Other thoughts about the development of the churches with plan in latin cross. References to San Michelino in Foro.
Thanks to writings of New Testament and patristic comments, it's known that the church made with stones represents, in symbolic terms, the universal Church of the believers; each believer is part of the Mystical Body of Christ.(1)
Therefore the material church represents the Mystical Body of Christ.
Liturgists like Durandus of Mende, Honorius Augustodunensis, Sicardus of Cremona dwelt on this subject and described the Christian temple identifying its parts as parts of a human body.
Because of this mystical conception of the sacred buildings, the plan of the church was conceived as the picture of a man whose head is symbolised by the apse, the arms by the aisles, etc
As far as the buildings with cross-shaped plan are concerned, their plan could be identified with the form of a man with opened arm, thats the Crucifixion.
Specifically dealing with the churches with plan in latin cross whose plan expresses better than others the idea of the Crucifixion it must be said that they are supposed to have had a precise "inventor".
The "inventor" can be identified in St. Ambrose who was bishop of the city of Milan, in the second half of the IVth cent.. He conceived the building of S. Nazario originally Basilica Apostolorum -; it probably was the more ancient church with latin cross in the Christian world.
He left there an inscription whose meaning is quite clear:
"Ambrose founded the temple and consecrated it to Lord with the name of Apostles and with the gift of their relics. The temple has the form of a cross, the temple represents the victory of Christ; the sacred triumphant image identifies the place.
At the top of the temple is Nazarius, who spent a pious life and the floor is ennobled by the relics of the martyr.
Where the cross rose the sacred head bending in a round, there is the top of the temple and the house for Nazarius who, winner for his Faith, enjoys eternal peace.
Who , to whom the cross was victorious palm tree, is received in the cross."
Aurelius Ambrosius bishop"(2)
Serena, wife of Stilicho, the regent of the Western Roman Empire, decorated the same church with many kinds of marbles. She put there an inscription that resumed the meaning of the inscription left by Ambrose; this goes to show that it was generally known and probably considered innovating.(3)
So, it's possible to take the occasion to point out that the allusion to the situation of Milan in the IVth cent. seems particularly significant with reference to a sample of ancient church we have already dealt with in this website.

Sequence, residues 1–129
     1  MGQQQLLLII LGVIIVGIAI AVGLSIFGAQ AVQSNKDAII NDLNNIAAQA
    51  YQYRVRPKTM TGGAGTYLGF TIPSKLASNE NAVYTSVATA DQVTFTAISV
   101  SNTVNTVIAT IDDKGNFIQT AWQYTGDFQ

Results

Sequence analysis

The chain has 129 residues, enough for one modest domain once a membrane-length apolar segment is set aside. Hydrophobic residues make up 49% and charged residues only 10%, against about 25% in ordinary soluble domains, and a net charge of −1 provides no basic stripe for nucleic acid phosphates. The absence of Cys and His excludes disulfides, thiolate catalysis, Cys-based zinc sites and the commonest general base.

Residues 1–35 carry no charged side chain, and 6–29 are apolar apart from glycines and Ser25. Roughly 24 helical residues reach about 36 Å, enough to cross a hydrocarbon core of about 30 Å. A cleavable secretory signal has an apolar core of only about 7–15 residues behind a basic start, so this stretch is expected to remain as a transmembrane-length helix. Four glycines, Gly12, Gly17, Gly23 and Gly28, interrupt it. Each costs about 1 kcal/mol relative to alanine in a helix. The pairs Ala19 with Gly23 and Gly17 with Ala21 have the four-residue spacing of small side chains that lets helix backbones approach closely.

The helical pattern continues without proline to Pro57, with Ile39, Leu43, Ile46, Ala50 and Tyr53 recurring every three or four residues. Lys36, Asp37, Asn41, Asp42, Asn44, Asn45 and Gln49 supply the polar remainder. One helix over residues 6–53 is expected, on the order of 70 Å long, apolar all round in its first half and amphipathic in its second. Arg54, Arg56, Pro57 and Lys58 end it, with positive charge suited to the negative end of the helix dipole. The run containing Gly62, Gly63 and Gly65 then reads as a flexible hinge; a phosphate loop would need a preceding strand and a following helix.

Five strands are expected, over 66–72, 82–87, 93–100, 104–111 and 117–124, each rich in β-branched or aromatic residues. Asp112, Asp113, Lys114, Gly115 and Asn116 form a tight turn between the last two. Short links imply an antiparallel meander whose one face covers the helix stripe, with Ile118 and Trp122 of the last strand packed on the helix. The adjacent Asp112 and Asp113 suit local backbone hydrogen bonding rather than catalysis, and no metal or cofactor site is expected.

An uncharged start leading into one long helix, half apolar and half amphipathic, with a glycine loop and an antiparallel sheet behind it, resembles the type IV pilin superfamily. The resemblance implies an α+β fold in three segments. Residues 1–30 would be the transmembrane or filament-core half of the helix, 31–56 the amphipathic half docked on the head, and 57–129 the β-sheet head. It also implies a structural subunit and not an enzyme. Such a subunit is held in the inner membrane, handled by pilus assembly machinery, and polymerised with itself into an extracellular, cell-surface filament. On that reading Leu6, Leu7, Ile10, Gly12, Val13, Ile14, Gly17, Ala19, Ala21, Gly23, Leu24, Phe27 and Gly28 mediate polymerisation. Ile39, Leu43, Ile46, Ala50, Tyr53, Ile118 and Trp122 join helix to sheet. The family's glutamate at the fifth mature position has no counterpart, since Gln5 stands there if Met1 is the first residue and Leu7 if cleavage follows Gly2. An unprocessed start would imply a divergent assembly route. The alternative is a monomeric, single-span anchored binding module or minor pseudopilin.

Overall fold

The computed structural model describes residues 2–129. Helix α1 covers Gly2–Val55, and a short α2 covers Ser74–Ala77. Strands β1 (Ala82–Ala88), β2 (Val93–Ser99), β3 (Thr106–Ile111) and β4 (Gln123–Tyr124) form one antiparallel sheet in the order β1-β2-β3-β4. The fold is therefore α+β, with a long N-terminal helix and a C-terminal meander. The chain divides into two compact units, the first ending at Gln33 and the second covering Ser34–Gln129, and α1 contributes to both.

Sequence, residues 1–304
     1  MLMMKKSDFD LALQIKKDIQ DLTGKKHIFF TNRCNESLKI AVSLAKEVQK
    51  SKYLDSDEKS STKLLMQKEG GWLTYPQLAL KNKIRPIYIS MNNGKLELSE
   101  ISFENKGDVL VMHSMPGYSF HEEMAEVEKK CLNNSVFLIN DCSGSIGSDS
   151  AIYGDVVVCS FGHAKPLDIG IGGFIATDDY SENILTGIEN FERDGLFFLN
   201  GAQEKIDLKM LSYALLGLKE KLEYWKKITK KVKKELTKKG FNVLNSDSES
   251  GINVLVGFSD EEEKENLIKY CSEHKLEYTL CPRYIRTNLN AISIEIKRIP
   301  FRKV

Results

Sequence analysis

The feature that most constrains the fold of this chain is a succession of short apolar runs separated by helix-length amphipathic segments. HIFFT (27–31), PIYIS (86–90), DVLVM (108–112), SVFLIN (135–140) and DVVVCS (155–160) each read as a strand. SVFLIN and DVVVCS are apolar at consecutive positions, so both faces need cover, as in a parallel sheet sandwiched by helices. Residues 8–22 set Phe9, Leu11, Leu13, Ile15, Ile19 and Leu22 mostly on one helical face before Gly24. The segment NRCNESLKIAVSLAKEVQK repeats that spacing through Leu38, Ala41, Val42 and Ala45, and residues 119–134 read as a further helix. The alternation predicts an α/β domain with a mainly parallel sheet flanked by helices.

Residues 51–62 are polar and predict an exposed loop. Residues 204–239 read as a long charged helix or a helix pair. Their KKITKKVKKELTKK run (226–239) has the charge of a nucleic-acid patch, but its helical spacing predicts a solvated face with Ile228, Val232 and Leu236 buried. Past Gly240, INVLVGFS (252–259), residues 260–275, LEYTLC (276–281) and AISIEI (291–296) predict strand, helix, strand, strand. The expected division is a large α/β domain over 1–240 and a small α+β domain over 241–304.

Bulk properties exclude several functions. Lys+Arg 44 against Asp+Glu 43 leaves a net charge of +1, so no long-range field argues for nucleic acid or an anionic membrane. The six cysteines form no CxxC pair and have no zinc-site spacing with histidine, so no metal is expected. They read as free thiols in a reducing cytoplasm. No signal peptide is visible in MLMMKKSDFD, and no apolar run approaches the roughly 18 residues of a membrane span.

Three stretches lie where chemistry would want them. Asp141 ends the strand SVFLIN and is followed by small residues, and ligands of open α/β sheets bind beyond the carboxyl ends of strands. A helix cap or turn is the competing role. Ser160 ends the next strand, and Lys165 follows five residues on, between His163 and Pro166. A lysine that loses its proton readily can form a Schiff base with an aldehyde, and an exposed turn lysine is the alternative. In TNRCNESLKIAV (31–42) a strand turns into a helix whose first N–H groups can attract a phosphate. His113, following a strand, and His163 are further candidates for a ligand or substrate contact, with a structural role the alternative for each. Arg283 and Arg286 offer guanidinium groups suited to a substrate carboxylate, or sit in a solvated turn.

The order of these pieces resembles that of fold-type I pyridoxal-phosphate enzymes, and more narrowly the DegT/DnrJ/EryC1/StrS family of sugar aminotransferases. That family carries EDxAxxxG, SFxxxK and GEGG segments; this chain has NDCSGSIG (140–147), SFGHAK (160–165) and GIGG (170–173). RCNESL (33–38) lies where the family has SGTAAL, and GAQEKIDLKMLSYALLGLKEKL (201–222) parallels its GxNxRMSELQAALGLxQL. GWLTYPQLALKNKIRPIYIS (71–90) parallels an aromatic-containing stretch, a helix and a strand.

I mean what Seraux DAgincourt, after visiting it, considered ".. built in the fifth century; its plan in latin cross is one of the most ancient samples of application of this form to a church, that later become typical of the christian temples."(3)
Thats the riminese church of San Michelino in Foro. http://spazioinwind.libero.it/iconografia/Michel.htm
Actually, the author of this notes had already "dared" to point out, in absolutely hypothetical terms, that some of the architectonic characteristics of the church seem to recall those of some Milanese buildings of the IVth cent.
Maybe it's not out -of place to remember that, in 402 a. C. the imperial court moved from Milan to Ravenna and this event had important consequences, well documented by archaeological finds, in the near town of Ariminum.
So, reporting the passage of DAgincourt to the Ambrosian church quoted above , it's possible to get interesting indication about the riminese building.(4)
(1) J. Hani Il simbolismo del tempio cristiano pp.57-74 Arkeios Roma 1996.
(2) The whole inscription is known from a transcription of the XVIth cent., while only a few fragments of the original inscription still exist.
(3) QVA SINVATA CAVO CONSVRGVNT TECTA REGRESSV / SACRATAEQ CRVCIS FLECTITVR ORBE CAPVT / NAZARIVS TITAE IMMACVLABILIS INTEGER ARTVS / CONDITVR EXVLTAT HVNC TVMVLI ESSE LOCVM / QVEM PIVS AMBROSIVS SIGNAVIT IMAGINE CHRISTI / MARMORIBVS LYBICIS FIDA SERENA POLIT / CONIVGIS VT REDITV STILICONIS LAETA FRVATVR / GERMANISQ SVIS PIGNORIBVS PROPRIIS
(4) "Histoire del lart par les monuments", Tav. LXXIII, n.6 (1811).
In the picture here above you see the plan (1811 a. D.) of San Michelino in Foro (Rimini) with two sacristies in the two wings. Their building was ordered by the bishop during his visit in the second half of XVIth cent.
Picture above: the plan of the church with hypothetical protesis and diaconicon. http://spazioinwind.libero.it/iconografia/michelato.jpg
Picture above: the ancient plan of the church of San Nazario (Basilica Apostolorum) in Milan.
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